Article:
Panama’s ratification of a deal with a copper miner last month should have been a formality. Instead, it triggered nationwide protests that paralysed the economy, destabilised the government and led to a nationwide ban on new mines.
The explosion of popular rage blindsided investors, forced authorities into a chaotic retreat and wiped out about $6.5-billion of value for shareholders of Canada’s First Quantum Minerals, a company regarded as a canny operator with decades of experience developing projects in Africa. A question mark now hangs over the future of its giant Cobre Panama mine.
Protests quickly became about more than just the mine. Panama was already seething with discontent over inflation, high unemployment and corruption, but there were also long-standing resentments over Cobre Panama’s environmental impact and its contribution to the economy. With a looming election, the unrest coalesced around the mine, prompting the government of President Laurentino Cortizo into a sudden U-turn on the mine’s operating contract.
The episode provides a cautionary tale for foreign investors on the vulnerability of mining projects to public hostility and resource nationalism, even in relatively investor-friendly countries such as Panama. It raises questions about the deployment of the billions of dollars in investment that will be required in the decades to come to extract copper and other critical minerals needed for the world to transition away from fossil fuels.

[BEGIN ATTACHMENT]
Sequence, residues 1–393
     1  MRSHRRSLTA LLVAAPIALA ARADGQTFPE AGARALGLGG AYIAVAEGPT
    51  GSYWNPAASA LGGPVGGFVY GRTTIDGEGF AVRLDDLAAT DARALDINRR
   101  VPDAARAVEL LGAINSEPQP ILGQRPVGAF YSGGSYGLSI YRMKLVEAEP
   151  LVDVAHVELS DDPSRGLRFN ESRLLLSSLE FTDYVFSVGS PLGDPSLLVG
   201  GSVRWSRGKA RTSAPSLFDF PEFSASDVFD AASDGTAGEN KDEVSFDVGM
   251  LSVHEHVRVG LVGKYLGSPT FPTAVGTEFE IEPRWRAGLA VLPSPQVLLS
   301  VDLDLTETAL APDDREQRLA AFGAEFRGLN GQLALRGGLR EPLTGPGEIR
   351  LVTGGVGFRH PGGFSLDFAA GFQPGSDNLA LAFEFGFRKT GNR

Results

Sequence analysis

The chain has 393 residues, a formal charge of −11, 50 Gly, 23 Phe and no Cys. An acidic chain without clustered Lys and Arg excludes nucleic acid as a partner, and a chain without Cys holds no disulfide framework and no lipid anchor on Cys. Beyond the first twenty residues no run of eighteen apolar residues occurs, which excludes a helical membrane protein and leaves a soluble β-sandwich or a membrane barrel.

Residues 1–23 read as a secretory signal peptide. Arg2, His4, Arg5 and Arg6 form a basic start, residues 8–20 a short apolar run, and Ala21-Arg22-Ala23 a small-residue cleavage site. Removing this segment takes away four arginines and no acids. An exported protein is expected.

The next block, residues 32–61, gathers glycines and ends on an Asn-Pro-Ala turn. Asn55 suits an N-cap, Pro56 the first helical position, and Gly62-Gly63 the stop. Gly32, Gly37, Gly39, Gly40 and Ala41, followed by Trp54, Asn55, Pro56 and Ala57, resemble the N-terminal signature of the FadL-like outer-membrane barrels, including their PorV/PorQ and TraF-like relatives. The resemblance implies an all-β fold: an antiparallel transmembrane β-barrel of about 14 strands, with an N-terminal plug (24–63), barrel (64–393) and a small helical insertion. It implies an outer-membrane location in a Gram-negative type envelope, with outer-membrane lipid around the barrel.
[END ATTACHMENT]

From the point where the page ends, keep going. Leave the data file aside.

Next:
When First Quantum and the government reached a new arrangement for the mine in March, it seemed like a win-win. The company got a 20-year extension at its most lucrative asset, and the government received a bigger share of the windfall, which would allow it to boost pensions ahead of elections on May 5.
Yet criticism of the deal simmered. The debate over the arrangement for the mine was rushed through congress without enough consultation, said Yarelys Gomez, an ecologist who took part in the street protests. When the nation’s biggest labor union joined the demonstrations, they swiftly snowballed.
As unions, environmentalists and student groups blocked highways and fought police, food prices shot up in the capital as farmers were cut off. On Sunday, October 29, Cortizo tried to restore calm by calling for a referendum on the mine contract.
CAUGHT OFF GUARD
The announcement caught First Quantum off guard, and company officials in London rushed to Panama to meet with government officials, according to a person familiar with the matter. Panama’s bonds fell and its credit rating was cut to one level above junk by Moody’s Investors Service.
In the two weeks since, the referendum proposal and a push for congress to repeal the contract have both been shelved, as everyone waits to see if the Supreme Court will kill the agreement. Throughout the controversy, the mine — Panama’s largest single private sector investment, generating thousands of jobs and producing about 1.5% of the world’s copper — has continued to operate.
Attorney Martita Cornejo, who filed a constitutional challenge against the revised contract, says it violated public procurement procedures, contradicts international environmental accords and breaks a constitutional right to common wellbeing.